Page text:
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I have written articles, op-eds, and book reviews for many publications, including the New York Review of Books, Wired, the Financial Times, The Observer, and for several years I wrote an economics column for the New Statesman.

For an archive of my articles, columns, and op-eds, click here

For an archive of my book reviews, meanwhile, click here.

A couple of recent pieces are below.

Bettering Humanomics
by Deidre Nansen McCloskey

Financial Times |  27 May 2021

It is no secret that the glory days of the kind of economics many of us learned at university are long gone.

The mighty edifice of neoclassical micro erected by Samuelson, Becker, and Stigler – with its hyper-rational homo economicus operating within a crystalline architecture of preferences, incentives, and constraints – went first.   It disintegrated following sustained assault by the behavioural school of Kahnemann, Thaler, and Sunstein.  By the turn of the millennium, it was out with the hard-nosed regulatory economists of the 80s and 90s, and in with behavioural insights and Nudge Units.

As for traditional macro – whether of the Saltwater Neo-Keynesian or the Freshwater New Classical flavours – that flamed out in spectacular fashion in 2008 when, as the Queen herself famously observed, it failed to predict the biggest economic crisis in history.  It took a decade for policy-makers to desert the old doctrines explicitly, but there is little doubt today that the Biden administration’s lodestar is more MMT than JMK or RBC.

Yet are these revolutions really the answer to the shortcomings of Old School Econ 101?  For more than four decades, Deidre Nansen McCloskey – professor emerita of no fewer than six separate disciplines at the University of Illinois at Chicago, and a truly unclassifiable scholar who has made major contributions to economic theory, history, methodology, and statistics – has been arguing that the problems run deeper.  What economics needs to fulfil its unparalleled potential as the premier science of human progress, she insists, is the rediscovery of its origins as the discipline which successfully marries the methods of the sciences and the humanities.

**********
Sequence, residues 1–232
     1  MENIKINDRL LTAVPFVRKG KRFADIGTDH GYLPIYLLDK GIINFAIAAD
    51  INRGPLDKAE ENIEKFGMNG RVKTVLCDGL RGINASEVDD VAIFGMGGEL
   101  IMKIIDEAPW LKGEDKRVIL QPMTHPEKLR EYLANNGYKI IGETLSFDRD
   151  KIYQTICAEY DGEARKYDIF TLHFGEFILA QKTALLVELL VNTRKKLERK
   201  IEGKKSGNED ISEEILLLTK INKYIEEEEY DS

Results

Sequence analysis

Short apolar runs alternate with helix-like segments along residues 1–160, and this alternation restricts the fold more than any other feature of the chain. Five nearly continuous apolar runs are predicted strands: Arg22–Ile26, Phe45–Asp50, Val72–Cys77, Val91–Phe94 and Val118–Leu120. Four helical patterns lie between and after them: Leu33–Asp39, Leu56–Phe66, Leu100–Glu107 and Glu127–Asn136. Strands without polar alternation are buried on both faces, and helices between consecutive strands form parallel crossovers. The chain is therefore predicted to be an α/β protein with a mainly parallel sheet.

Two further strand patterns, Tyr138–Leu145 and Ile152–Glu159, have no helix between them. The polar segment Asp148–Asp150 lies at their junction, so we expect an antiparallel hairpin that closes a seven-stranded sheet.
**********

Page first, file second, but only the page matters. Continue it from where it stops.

Professor McCloskey explains why in her new book, Bettering Humanomics: A New, and Old, Approach to Economic Science. I reviewed it in the Financial Times on May 27, 2021.

The World for Sale
by Javier Blas and Jack Farchy

Financial Times |  2 March 2021

With the reflation trade suddenly ripping through the exchanges, a $1.9tn stimulus bill steaming through the US Congress, and “Dr Copper” bursting through $9,000 a tonne to prices not seen since the heady days of 2011, the commodity markets are headline news again.  Could there be a better moment for Javier Blas and Jack Farchy’s rollicking new account of those markets’ recent history to land on investors’ desks?

It’s as if the Bloomberg News reporters (and former FT journalists) have picked up not just a rich archive of ripping yarns from their years interviewing the industry’s leading traders — but some of their uncanny sense of timing too.

Commodities have not always been a hot topic. In 1998, I landed my first proper job, as bag-carrier to the head of the energy and mining department at the World Bank.  Back then, commodity markets seemed in terminal decline. The oil price had plummeted by 45 per cent over the previous 18 months. The mood in commodity-producing developing countries was apocalyptic.  

The Bank was on a mission to convince its clients that the good old days were not coming back: privatisation and reform were the only ways forward. At every meeting, we would pull out a chart of the real-terms price of oil over the previous nine decades. The boom times of the last two decades were a historical aberration, we would explain. Oil at $10 a barrel was here to stay.

We were of course spectacularly wrong. In December 1998, the oil price bounced, and then more than doubled in the next 12 months. It was just getting started. The 2000s witnessed a supercycle the like of which the world had never seen before — with the oil price topping out at $145 a barrel in June 2008. We had bottom-ticked the biggest commodity bull market in history.

At the core of The World For Sale: Money, Power, and The Traders Who Barter The Earth’s Resources is the story of how this historic boom catapulted a group of previously low-key international commodity trading houses — the likes of Cargill, Vitol, Trafigura, and Glencore — to extraordinary financial wealth and political power.

My review of the book was published in the Financial Times on March 2, 2021.